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Flu cases on the rise in Plumas; still time to get a shot

The Plumas County Public Health Agency announced that there has been a dramatic increase in flu cases over the past month and released the following information this afternoon:

The “flu season” is here, and we are experiencing an increase of Influenza cases in Plumas County. “The flu” is unpleasant for everyone, but is particularly dangerous for children under 5 years old, people over 50, pregnant women, and people with underlying health problems like COPD, heart disease, or diabetes, where it can sometimes require hospitalization and be life threatening.

When any of these higher risk individuals contracts the influenza virus, it’s important they be started on antiviral medications within 1-2 days. They should contact their healthcare provider to be seen promptly, and if necessary come to the emergency room. Please put on a mask when you come in the Emergency Department door and avoid contact with other patients.

Symptoms of influenza include sudden onset of fever, cough or sore throat, and muscle and body aches. These are often accompanied by headache, runny or stuffy nose, profound fatigue, and sometimes nausea, vomiting, or diarrhea.

The first principle of treating the flu is to stay home from work, school, or other public places until symptoms have resolved. Flu is readily passed from person to person through small droplets from coughs or sneezes or from objects we commonly touch like door knobs and grocery carts.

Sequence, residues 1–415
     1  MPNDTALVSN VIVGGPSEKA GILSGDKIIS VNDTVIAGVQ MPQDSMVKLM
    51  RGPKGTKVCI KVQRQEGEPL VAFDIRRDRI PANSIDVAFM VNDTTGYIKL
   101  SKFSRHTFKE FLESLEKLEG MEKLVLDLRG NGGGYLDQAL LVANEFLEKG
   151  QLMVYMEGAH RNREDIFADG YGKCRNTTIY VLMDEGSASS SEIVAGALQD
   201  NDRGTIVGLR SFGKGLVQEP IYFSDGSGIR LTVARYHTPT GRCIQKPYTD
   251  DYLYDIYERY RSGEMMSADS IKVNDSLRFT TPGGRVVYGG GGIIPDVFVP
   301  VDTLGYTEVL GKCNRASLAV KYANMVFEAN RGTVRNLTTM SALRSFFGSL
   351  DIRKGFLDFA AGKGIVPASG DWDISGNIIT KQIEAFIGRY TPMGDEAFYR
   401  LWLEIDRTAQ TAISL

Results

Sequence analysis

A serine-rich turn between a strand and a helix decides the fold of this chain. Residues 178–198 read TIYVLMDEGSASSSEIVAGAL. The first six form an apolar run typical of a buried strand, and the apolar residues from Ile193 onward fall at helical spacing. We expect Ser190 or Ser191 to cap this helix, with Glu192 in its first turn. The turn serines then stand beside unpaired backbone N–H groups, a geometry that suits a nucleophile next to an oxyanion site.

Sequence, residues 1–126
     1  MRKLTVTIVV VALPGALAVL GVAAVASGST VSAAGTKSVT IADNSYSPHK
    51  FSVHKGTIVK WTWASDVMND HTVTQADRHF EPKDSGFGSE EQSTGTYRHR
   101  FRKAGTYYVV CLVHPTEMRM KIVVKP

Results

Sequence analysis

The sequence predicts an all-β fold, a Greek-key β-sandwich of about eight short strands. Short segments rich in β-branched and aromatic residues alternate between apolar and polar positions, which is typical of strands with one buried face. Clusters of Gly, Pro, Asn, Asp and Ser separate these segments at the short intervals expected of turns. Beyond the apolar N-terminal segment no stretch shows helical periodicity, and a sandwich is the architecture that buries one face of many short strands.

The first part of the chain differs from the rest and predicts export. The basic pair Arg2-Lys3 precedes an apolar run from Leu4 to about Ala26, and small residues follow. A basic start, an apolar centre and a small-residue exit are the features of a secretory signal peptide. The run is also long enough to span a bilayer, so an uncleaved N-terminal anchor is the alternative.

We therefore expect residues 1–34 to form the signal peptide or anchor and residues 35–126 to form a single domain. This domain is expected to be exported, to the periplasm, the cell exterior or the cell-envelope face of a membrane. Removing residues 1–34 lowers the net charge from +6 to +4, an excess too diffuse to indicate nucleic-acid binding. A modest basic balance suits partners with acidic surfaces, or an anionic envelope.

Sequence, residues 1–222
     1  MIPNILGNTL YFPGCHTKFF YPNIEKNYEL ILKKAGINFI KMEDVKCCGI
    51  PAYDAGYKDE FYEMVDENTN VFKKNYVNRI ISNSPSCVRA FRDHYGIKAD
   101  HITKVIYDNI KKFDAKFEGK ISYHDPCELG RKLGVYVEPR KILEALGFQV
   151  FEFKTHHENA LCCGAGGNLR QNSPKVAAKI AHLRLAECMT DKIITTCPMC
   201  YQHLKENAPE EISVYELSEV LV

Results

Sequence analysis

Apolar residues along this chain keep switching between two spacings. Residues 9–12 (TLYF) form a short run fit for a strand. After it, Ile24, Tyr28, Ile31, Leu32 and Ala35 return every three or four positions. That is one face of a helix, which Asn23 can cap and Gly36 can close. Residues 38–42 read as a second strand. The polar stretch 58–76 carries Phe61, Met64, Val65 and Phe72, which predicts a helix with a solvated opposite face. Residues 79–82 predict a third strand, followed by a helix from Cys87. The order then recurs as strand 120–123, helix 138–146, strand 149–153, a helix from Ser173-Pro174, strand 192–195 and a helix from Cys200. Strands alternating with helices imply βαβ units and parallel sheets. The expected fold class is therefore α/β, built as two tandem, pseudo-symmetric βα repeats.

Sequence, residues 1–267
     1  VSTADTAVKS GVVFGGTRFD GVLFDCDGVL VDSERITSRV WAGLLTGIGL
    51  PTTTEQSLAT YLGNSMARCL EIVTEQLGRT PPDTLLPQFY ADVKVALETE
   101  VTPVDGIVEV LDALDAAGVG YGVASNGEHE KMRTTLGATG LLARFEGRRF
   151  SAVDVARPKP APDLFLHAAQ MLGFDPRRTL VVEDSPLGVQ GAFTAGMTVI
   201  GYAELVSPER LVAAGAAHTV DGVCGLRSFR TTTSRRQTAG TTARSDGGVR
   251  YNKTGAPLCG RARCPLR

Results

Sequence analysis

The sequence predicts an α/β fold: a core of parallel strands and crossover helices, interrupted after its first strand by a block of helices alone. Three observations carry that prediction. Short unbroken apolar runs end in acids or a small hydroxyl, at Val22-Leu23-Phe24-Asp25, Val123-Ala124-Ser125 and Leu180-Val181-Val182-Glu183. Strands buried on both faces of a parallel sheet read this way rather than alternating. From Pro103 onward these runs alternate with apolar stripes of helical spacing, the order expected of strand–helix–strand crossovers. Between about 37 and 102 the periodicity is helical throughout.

Drink lots of liquids (don’t worry about solids) and get plenty of rest. Aspirin should never be given to people under 18 years old experiencing the flu because it can, in rare cases, cause a serious disease called Reye’s syndrome. Remember to cover your nose and mouth when coughing or sneezing and wash your hands frequently or use an alcohol-based rub.

Following these simple measures help:

  • Wash your hands often with soap and water
  • Clean frequently the things you touch especially if other people touch them as well
  • Do not touch your face
  • Keep away from sick people
  • Cover your nose and mouth when you cough or sneeze, use a tissue or your elbow
  • If you are sick or feel sick stay STAY HOME!

It’s also not too late to get your “flu shot” (influenza immunization) to help prevent the flu. The vaccine is offered at Plumas County Public Health Clinics and most pharmacies and medical providers throughout the county, while supplies last. FluMist (nasal vaccine) is not as effective as the shot, so get the shot if possible. The vaccine prevents many deaths each year and helps our community avoid missed work and school, not to mention the miserable experience of having the flu.

If you have questions, please call your regular healthcare provider or Plumas County Public Health Agency at 283-6330 for more information.   It takes 2 weeks for immunization to work, so now’s the time to get the shot if you haven’t already.


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